My friends and I have developed a habit. Call it a “before and after” habit — as the Wheel of Fortune category name so defines a “before and after phrase.” Examples include:
A Hole In One Way Ticket
Adam’s Apple of My Eye
You get the point. A combination of two phrases. And we say them during conversations, emails, texts; or use them in fantasy sports names in nonsensical fashion. One of my favorites of all time was Apollo Creedence Clearwater Revival. My first team name with such a moniker was the Little League World Series of Poker, which has since been retired. And I am long overdue in changing my current fantasy team’s name from 52 Shades of Ray. (Which I admittedly stole from my future brother-in-law.)
When the powers-that-be around Baltimore decided to add “Thurgood Marshall” to what was simply BWI Airport, I sprouted the name of George Thurgood Marshall Tucker Band BWI Airport. It’s a fun exercise to do with friends (who already know you’re a weirdo) during social gatherings.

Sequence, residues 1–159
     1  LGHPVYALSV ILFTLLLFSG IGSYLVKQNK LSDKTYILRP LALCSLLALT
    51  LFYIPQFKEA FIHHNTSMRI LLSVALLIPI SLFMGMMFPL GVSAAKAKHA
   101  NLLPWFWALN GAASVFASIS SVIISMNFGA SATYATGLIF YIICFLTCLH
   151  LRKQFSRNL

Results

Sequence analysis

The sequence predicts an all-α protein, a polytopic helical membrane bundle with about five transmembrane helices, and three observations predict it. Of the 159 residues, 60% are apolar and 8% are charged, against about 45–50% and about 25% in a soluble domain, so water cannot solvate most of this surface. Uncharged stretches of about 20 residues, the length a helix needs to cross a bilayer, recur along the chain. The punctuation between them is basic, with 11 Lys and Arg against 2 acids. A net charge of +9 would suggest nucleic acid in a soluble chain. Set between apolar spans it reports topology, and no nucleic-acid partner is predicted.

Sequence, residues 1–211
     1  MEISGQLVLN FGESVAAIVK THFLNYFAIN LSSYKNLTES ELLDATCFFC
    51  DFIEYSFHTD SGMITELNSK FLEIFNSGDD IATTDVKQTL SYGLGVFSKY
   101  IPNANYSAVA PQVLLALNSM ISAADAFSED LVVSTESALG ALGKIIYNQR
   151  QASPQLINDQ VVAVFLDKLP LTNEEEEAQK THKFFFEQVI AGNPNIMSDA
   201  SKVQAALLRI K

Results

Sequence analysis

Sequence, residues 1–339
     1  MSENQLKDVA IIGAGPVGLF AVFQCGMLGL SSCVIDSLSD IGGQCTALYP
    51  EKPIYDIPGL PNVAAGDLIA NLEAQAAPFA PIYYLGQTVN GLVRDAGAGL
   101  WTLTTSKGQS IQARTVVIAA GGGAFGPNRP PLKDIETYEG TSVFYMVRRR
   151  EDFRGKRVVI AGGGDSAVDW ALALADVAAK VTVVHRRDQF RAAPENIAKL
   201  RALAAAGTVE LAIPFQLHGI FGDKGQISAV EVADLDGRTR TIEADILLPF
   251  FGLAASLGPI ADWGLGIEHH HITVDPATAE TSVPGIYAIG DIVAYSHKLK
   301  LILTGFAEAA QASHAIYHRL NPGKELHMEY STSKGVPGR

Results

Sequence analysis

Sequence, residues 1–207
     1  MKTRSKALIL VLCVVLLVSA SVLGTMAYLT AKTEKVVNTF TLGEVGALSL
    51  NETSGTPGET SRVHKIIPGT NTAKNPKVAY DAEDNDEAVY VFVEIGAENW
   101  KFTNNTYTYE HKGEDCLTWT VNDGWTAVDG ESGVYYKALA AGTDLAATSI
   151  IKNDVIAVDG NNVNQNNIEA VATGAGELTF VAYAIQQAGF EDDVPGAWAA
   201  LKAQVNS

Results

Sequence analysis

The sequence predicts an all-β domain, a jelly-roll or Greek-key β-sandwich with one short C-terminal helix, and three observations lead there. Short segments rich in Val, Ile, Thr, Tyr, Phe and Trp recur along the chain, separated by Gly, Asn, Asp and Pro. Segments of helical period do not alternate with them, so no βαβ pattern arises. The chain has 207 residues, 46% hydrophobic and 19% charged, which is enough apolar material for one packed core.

I say all of that because there’s another example of this that I use some of the time when ending a phone conversation with my better half.
Last summer, we took our girls to see the Pixar movie Inside Out. During the previews, a short animated music video was shown, about a lovesick volcano who pleaded with the earth to send him someone to “lava.”
Earlier this year, several members of my family and I went to see the play/musical Marley, which opened nationwide at Center Stage. I’m a huge fan of his music, but I guess I never really knew how much time he spent, and how much music he actually recorded, while in London. Away from his family. At the end of telephone conversations with his wife, Rita, they would always say “One love” instead of “I love you.”
Somehow, my better half and I ended up combining the volcano’s desire for “lava” with the Bob Marley song–and telephone ending–“One love” into: “One Lava.”
Henceforth, the title we have above; and the “it means something to us” phrase that she and I jokingly say to each other when occasionally ending a telephone conversation.
Speaking of getting together and feeling alright: